11 December 2005

16 February 2006

“Large unconscious assumptions have far more to do with belief than do
overt doctrinal teachings.” – Harold Bloom, The American Religion

“He has a mind of his own,” Boughton used to say when his son was up to something, and he meant it as praise. He really did. But the fact is that his mind came from one set of books as surely as mine has come from another set of books ... but who knows where any mind comes from. It's all a mystery. – Marilynne Robinson, Gilead

“Wherever there is an authority that, in the guise of a scientific or ecclesiastical community, imposes something as objective truth, philosophy has the obligation to proceed in the opposite direction.” – The Future of Religion, Richard Rorty, Gianni Vattimo, edited by Santiago Zabala

“Belief comes before doubt.” – Ludwig Wittgenstein | Self-portrait

Dear -------,

Sorry to be writing again -- after I signed off from this conversation twice already -- but while I don't want to change your mind about your beliefs, I want you to understand what I'm interested in. In short, you don't have to agree with what I think, say or do -- just understand it. I think that if you understand it, you'll feel better about this exchange and about what I am doing on my Web site.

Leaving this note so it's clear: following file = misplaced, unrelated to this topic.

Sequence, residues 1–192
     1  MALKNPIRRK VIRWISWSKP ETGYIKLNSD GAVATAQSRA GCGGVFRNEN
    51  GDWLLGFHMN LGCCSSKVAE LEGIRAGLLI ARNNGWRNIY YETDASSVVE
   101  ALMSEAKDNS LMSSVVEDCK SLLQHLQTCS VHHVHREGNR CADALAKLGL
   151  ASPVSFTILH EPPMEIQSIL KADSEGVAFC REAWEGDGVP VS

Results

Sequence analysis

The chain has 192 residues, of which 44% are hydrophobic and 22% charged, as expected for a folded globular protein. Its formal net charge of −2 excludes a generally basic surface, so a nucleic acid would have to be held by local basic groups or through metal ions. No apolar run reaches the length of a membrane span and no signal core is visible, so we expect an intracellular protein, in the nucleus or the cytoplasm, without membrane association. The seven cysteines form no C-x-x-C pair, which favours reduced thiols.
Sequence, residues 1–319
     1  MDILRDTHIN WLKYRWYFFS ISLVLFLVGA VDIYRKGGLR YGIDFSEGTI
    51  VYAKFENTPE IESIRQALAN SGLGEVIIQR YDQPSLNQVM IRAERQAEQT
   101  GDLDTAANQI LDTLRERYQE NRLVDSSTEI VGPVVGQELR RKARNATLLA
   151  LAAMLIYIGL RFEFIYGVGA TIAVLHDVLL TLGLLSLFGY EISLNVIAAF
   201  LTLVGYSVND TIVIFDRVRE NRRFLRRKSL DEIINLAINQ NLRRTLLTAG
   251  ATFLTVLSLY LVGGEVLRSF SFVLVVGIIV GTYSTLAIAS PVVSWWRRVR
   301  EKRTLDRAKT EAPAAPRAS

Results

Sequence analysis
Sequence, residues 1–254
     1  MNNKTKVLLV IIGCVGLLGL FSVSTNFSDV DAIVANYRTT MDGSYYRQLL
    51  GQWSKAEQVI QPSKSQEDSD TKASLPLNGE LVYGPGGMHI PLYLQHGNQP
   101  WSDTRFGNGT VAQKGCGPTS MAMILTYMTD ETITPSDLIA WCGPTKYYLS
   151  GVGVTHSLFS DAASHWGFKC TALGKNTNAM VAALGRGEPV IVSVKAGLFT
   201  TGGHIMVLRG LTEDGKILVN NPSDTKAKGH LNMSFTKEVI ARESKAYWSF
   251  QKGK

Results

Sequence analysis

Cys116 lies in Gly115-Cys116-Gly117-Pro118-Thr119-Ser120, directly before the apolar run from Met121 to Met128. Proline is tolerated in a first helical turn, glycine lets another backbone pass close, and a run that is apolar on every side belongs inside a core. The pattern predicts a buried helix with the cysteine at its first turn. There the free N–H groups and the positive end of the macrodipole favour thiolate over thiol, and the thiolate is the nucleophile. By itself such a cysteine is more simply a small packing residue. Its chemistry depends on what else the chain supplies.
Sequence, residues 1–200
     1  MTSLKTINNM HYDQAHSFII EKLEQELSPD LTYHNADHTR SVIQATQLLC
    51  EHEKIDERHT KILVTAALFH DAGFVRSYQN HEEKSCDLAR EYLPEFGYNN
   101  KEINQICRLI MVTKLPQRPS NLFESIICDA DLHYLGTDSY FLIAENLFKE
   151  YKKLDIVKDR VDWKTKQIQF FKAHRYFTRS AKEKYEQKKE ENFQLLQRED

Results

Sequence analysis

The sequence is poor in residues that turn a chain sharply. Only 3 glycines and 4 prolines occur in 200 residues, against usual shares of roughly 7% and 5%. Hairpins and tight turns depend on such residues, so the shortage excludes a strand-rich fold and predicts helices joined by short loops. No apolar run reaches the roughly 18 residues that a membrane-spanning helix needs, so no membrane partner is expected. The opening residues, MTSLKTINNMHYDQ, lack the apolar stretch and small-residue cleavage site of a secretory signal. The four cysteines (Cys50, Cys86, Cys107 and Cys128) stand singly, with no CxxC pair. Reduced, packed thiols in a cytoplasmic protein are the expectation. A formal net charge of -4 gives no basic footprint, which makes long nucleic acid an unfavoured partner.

The main point of this e-mail is to say: I don't think we're really interested in or talking about the same subject. We're talking about two different things! Let me give an analogy:

Suppose you noticed that a lot of people loved sports. You studied the topic and grew amazed at how much time people spend watching sports on TV and how much money they spend going to games, on memorabilia and merchandise, and you became fascinated with the question, "Why do people get so enthused about sports?"

So you made a Web site about it, and one day someone e-mailed you to ask why you never come to his house to talk about the Cleveland Browns. He is a huge Browns fan and would like to tell you all about the team, how many yards rushing the half-back has this season, how many passes have been completed and how many punts have been blocked ... he has reams of statistics to convey!